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Out of India [North – The Great Vehicle]

26 Aug

Dubai was nothing more than a desert port with a creek that ran through it 20 years ago. Now look at it. I gazed out of the window of the Burj Khalifa which is currently the tallest building the world. This building itself was not even around the last time I was in Dubai some 3 years earlier.

View from Observation Deck of Burj Khalifa – Dubai, U.A.E. (2010)

At that time, I was flying to Kathmandu via Muscat, Oman. I remember being surrounded by all types of South Asians hitching a red-eye flight on Emirates from Dubai to Muscat and from there they were transferring to flights on Oman Air to Jaipur, Lucknow, Chennai, Hyderabad, and Chittagong. Each of these chaps carried with them the same style of briefcase with masking tape on the outside that spelled out their destinations in large English block-letters. I could only assume that these briefcases were stuffed with dirhams and dollars amassed during their stints as a wait staff, kitchen help, construction workers, housekeepers, and taxi drivers in Dubai. I was going to Kathmandu and was to land sometime between 7:30am to 8am. That flight was horrible because of the unbelievable body odor emanating from the gentleman who was sitting next to me. The only thing that got me through was the in-flight movie that played on a large screen from the front of the coach cabin. This was a Bollywood movie that had been released earlier that year and it was called Eklayva: The Royal Guard. It was in Hindi and had English subtitles. It starred Amitabh Bachchan and completely roped me in — so much so that when it ended I was wiping tears off my face and I looked around the cabin and saw a few Nepali men doing the same thing. But, the overpowering smell of B.O. then hit me again and I had to suck it up for another hour or so until we landed.

Barnes & Noble “franchise” – Thamel – Kathmandu, Nepal (2007)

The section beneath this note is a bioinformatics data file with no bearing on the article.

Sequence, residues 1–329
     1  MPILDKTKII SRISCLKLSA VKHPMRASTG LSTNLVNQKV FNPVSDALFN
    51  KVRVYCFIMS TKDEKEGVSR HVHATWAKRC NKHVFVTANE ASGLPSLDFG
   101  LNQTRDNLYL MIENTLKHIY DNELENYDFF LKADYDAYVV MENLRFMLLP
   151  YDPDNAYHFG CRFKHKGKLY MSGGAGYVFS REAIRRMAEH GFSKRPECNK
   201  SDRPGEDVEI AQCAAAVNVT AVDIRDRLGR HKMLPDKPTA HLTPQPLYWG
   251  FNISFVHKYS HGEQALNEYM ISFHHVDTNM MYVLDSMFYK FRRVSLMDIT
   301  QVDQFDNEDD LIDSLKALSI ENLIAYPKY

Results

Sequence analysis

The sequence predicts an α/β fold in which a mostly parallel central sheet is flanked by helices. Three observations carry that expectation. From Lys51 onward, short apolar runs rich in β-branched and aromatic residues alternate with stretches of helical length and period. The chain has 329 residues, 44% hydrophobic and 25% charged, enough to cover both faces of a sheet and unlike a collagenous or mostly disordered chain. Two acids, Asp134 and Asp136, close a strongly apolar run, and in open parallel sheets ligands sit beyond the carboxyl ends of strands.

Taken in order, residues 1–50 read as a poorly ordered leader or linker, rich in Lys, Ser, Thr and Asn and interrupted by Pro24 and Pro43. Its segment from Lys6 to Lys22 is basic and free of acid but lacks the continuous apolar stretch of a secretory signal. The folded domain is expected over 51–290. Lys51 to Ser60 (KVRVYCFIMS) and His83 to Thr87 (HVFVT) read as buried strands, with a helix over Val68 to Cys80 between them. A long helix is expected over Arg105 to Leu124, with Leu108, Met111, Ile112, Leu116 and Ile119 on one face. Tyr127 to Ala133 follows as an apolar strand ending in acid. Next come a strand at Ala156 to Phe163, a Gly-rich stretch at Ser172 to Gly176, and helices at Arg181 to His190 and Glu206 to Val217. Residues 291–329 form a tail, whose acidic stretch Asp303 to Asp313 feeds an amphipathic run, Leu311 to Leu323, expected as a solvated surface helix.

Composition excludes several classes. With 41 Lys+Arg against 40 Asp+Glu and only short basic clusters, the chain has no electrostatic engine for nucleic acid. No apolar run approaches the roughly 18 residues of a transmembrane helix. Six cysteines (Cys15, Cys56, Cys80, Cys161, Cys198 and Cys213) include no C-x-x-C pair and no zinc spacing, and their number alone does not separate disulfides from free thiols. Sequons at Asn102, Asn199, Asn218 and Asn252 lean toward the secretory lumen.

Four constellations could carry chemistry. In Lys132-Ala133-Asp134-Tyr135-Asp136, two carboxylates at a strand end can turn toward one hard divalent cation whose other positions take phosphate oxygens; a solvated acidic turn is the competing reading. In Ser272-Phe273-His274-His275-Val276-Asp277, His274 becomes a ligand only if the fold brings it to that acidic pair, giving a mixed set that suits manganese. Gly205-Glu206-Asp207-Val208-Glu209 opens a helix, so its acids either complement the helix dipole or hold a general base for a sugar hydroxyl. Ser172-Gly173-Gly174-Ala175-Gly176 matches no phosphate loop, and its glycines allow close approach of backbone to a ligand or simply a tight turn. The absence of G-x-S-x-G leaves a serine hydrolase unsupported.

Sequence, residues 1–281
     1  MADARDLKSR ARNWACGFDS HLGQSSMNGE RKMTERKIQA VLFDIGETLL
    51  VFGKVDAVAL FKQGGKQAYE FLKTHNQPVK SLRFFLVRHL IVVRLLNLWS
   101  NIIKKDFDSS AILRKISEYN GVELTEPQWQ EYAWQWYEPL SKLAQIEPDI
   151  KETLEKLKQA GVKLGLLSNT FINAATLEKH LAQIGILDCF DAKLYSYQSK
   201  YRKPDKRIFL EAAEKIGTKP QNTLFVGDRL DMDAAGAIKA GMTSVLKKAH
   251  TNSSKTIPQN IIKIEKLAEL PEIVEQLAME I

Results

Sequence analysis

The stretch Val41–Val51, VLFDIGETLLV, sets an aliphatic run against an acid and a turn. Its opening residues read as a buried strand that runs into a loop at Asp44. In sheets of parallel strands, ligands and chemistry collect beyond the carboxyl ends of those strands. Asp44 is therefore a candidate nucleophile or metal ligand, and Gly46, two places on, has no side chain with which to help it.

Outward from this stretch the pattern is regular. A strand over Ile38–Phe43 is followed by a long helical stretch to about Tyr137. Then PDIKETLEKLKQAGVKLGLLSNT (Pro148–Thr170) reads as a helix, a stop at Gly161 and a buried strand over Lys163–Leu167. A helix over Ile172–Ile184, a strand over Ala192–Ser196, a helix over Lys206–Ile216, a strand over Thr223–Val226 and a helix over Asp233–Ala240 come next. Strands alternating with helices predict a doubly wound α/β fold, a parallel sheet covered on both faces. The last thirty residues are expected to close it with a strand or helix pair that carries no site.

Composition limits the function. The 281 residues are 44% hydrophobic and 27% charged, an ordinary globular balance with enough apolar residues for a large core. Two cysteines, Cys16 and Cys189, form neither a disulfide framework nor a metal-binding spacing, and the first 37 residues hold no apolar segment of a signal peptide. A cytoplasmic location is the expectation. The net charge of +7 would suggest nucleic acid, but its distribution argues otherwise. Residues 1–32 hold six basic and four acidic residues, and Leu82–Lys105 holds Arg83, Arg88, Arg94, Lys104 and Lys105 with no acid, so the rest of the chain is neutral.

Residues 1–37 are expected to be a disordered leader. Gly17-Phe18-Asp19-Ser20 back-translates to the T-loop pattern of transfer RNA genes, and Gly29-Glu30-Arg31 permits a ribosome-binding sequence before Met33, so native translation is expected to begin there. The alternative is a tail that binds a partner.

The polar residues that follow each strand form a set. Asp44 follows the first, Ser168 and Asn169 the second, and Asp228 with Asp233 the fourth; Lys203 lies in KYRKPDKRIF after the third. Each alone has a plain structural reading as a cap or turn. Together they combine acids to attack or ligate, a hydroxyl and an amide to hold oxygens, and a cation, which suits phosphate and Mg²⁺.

The Thamel area of Kathmandu is a kindred spirit of the Khao San road of Bangkok with its cramping of backpackers and hostels. But, unlike the linear and more orderly Khao San, Thamel is a crooked corridor of fabric, fish, pashmina, wool and curio stalls — each entrenched within shaky looking buildings with rooftop terraces that are perched on a hill which is then in turn surrounded by the Himalayan foothills. I made the mistake of getting a cheaper room (no A/C – again a mistake) that opened up right above a busy bend of Thamel, and so the endless cacophany of bike-rickshaws, motos, squat Suzuki taxis, and other strange vehicular contraptions — each bleeping or blipping their horns — kept me awake each night. Although the Buddha had been born in Lumbini which is in southern Nepal, the vast majority of Nepalis practice Hinduism. Buddhism still had a vibrant presence over parts of Nepal and that was primarily due to huge numbers of Tibetan exiles who had crossed over the Himalayas during the last 5 decades after the Chinese annexed Tibet.  The Nepali and Tibetan Buddhists practice Mahayana (the “Great Vehicle”) Buddhism which is one of the 2 main schools of Buddhism that developed in the centuries after the Buddha’s death — the other school being Theravada (the “Doctrine of The Elders”).  The Mahayana school traveled North and then northeast out of India, while the Theravada school traveled South and then southeast out of India.  I had come to Kathmandu to see 2 very important Buddhist Stupas and to also receive my Chinese visa and Tibetan travelers permit in order to travel overland to Tibet.  On my first night in Kathmandu, I found myself on a rooftop bar drinking a couple of Gorka beers and eating the staple Nepali meal of dhal bhat: a platter of rice and lentils surrounded by small round tin dishes of vegetables, curried meat, and cucumber dip. I started with a few steamed yak meat momos as well (I would eat a lot of yak during this trip).  That night, I saw perhaps the best cover band in the subcontinent – there were 3 guitar players, 1 bass player, 1 drummer, and 1 conga player. This band played everything from “Kung Fu Fighting” to “Don’t Let Me Down” and the  audience and patrons loved every second of it. They even clamored for an encore after the band finished their set and they came back and sang 3 more songs.  The combination of the music, Thamel feel-good vibes, and pure air of the Himalayan foothills had me glowing that night.  Kathmandu still had a sliver of its 60s “freak street” cred to it. It was hard for me to believe that only 6 years earlier, the Nepali Crown Prince, Dipendra, had snapped during a royal family party and killed 9 members of his family including his parents (the King and Queen of Nepal) before shooting himself and dying in a coma 3 days later.  No doubt there was still tension in the air that summer because of the Nepali Maoist insurgency that was spreading through the country, but on that night at least things seemed to be centered and carefree. I wanted to slip away into the deep funk of sleep, but the characters of the Thamel night had other ideas. Not to mention that the cool air of the Himalayan foothills that I was expecting (hence the decision to get a room with no A/C) was a no-show, and instead, Kathmandu was blanketed with warm and heavy humidity. So, I thought about Mt. Meru and Everest looking over me out in the yonder. I knew they were close — just a bit further North. That cool air was within reach.

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